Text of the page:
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Don't Compromise American Innovation

The opinions expressed by columnists are their own and do not necessarily represent the views of
AP Photo/Ted Jackson

In the sad light of over 1 million Covid-19 deaths in the United States comes news that the Biden Administration wants to sign away the intellectual property rights of creators of the Covid vaccines.


This agreement among some at the World Trade Organization (WTO) should send a chill down the spine of every American. That's because the reason U.S. pharmaceutical companies were able to produce and manufacture vaccines in record time -- saving millions of lives around the world -- is the long-standing U.S. commitment to IP protection.

Piercing that protection now will not yield any material benefit to the fight against Covid. But it will leave America and the world more vulnerable to the next pandemic. If we make IP less dependable and less valuable, America will produce less of it -- a dangerous folly when our 21st century prosperity, security, and health all depend on technological innovation.

The WTO started fielding petitions to waive commitments under the Trade-Related Aspects of Intellectual Property Rights (TRIPS) Agreement to protect IP on Covid technologies even before any vaccines were approved or access concerns of poor nations were raised. The reality is that long before vaccines were available, governments and charitable organizations pre-ordered billions of doses. By early 2021, the Covid vaccine manufacturers had already entered into hundreds of partnerships all over the world to voluntarily produce as many vaccine doses as possible. By the end of the year, more than 11 billion doses had been manufactured -- and there is capacity to produce more than an additional 20 billion doses in 2022.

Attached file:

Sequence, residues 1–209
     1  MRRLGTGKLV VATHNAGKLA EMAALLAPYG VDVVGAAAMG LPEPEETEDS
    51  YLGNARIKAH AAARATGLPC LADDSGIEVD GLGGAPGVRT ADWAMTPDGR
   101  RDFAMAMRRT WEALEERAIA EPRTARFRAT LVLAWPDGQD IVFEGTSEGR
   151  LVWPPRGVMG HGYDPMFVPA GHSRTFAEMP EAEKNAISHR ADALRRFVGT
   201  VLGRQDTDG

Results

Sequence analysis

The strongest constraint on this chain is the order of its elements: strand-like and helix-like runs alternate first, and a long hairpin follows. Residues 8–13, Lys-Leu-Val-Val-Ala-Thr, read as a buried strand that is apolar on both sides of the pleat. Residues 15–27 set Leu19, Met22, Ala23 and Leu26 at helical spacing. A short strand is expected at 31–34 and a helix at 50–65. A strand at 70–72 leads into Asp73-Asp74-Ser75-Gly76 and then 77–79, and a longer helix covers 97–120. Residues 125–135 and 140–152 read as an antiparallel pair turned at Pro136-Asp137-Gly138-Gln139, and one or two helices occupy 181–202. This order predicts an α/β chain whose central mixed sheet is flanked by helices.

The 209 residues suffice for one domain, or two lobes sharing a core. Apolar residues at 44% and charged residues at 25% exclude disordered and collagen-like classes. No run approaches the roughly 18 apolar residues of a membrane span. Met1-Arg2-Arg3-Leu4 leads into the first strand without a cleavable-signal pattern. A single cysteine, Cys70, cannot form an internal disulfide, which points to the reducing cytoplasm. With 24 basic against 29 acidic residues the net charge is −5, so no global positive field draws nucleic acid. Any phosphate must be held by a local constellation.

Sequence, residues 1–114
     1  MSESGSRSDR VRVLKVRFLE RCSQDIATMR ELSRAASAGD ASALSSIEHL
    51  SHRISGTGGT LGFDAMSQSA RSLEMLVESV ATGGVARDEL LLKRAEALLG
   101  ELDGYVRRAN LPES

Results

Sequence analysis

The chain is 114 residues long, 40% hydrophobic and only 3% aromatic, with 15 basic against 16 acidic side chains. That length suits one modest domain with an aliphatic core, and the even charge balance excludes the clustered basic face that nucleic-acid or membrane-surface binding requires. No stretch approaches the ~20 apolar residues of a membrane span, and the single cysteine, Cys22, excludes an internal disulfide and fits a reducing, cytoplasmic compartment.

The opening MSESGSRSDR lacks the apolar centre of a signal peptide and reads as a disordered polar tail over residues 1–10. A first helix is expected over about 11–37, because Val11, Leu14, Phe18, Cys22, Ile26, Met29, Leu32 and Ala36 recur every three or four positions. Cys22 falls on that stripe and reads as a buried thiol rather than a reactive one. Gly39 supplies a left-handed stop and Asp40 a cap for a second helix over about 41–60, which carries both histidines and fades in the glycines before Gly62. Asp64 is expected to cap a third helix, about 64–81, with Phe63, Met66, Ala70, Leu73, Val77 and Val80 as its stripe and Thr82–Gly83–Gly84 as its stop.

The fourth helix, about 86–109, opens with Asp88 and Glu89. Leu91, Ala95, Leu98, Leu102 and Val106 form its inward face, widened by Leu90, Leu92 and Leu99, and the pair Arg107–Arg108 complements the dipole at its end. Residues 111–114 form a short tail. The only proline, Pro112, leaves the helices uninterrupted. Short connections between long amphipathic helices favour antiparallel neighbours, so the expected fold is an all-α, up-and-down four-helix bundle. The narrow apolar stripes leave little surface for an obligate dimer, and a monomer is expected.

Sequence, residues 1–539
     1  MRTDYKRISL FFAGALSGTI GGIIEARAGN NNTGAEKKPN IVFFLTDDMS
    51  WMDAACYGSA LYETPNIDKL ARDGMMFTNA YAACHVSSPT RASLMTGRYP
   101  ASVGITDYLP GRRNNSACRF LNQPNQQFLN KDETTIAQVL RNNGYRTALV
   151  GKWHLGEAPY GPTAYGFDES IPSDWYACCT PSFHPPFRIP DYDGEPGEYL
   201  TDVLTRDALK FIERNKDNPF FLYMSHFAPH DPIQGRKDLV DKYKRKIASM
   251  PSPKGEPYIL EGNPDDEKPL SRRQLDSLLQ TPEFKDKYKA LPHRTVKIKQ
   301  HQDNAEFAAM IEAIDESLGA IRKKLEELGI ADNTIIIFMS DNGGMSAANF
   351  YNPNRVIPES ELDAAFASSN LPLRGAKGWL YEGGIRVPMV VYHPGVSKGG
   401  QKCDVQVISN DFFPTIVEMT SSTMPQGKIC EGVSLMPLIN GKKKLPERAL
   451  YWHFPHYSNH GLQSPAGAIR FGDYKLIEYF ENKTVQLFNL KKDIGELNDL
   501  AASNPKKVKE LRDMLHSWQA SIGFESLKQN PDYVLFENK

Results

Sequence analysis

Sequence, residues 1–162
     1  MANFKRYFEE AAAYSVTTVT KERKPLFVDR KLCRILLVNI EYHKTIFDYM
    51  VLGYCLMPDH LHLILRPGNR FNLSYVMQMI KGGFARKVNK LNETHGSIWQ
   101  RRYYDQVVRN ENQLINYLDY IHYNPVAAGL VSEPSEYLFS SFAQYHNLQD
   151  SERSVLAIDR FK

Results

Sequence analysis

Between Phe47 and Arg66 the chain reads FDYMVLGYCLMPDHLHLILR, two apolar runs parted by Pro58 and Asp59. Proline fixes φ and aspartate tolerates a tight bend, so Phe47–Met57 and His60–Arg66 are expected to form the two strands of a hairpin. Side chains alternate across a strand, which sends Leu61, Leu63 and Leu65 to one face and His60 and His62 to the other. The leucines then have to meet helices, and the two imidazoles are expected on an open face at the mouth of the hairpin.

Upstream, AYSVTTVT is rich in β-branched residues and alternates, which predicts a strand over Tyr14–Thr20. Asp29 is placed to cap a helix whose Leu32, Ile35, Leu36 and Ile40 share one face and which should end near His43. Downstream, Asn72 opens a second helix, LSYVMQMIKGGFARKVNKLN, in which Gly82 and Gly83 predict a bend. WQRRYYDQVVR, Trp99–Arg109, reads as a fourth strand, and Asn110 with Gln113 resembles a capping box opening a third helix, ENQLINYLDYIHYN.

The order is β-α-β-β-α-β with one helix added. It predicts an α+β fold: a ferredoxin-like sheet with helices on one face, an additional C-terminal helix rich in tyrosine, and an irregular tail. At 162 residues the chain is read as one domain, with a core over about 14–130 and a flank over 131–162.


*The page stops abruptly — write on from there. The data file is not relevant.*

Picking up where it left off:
So prolific was global production that in February 2022, the largest vaccine manufacturer in the world, the Serum Institute of India, announced it would stop making doses until new orders came in. The same month, the African CDC asked the world to pause donations because even the least developed nations had more than they could distribute.


By now, it's crystal clear that the pursuit of this TRIPS waiver has little to do with the pandemic. Rather, it's all about global virtue-signaling. The Biden administration likes the optics of appearing sacrificially generous. In exchange for some positive headlines in international newspapers, however, America is risking the legal framework that is responsible for producing the vaccines and treatments against Covid-19 in the first place.

Pharmaceutical research -- like health care generally -- has become a high-tech business. The molecules and biological delivery systems that comprise medical breakthroughs today are extremely difficult to invent, as is the manufacturing technology. Taking the many inevitable failures into account, it costs on average more than $2 billion to research, develop, and win approval for a new drug.

These are risky investments. Making a return on them depends on the integrity of IP protection. Without it the billions of dollars investors are now pouring each year into cancer, Alzheimer's, and diabetes treatments will dry up.

Patent infringement doesn't just injure the victimized inventor; it corrupts America's uniquely valuable innovation economy. Countries with weaker IP protections have less R&D, fewer innovations, and less developed technology. America's IP alone is valued at more than $6 trillion, larger than every other economy in the world -- except China, which of course is the world's greatest IP thief.  

Health care today is IP, as is software, tech, national security and cybersecurity.  Without IP protections, the things that keep us healthy, safe, strong, and prosperous today won't be here for our children tomorrow.


That is what President Biden risks with his TRIPS "compromise" on Covid-19 vaccines. Proponents of the reported scheme say it's pared back -- that is, it's not as bad for America as the original petition. But why we should tear even a small hole in IP protection for American innovation, setting a dangerous precedent, is entirely unclear in this context?

As this tear continues to rip, more investment will dry up, more laboratories will shutter, more diseases will go uncured, and more foreign adversaries will close their technology gaps with us.

The Covid vaccines TRIPS waiver, even in its modified form, will do little good for the world, but great harm to the United States.

Paul R. Michel served on the United States Court of Appeals for the Federal Circuit from 1988 to his retirement in 2010, and as its chief judge from 2004 to 2010.

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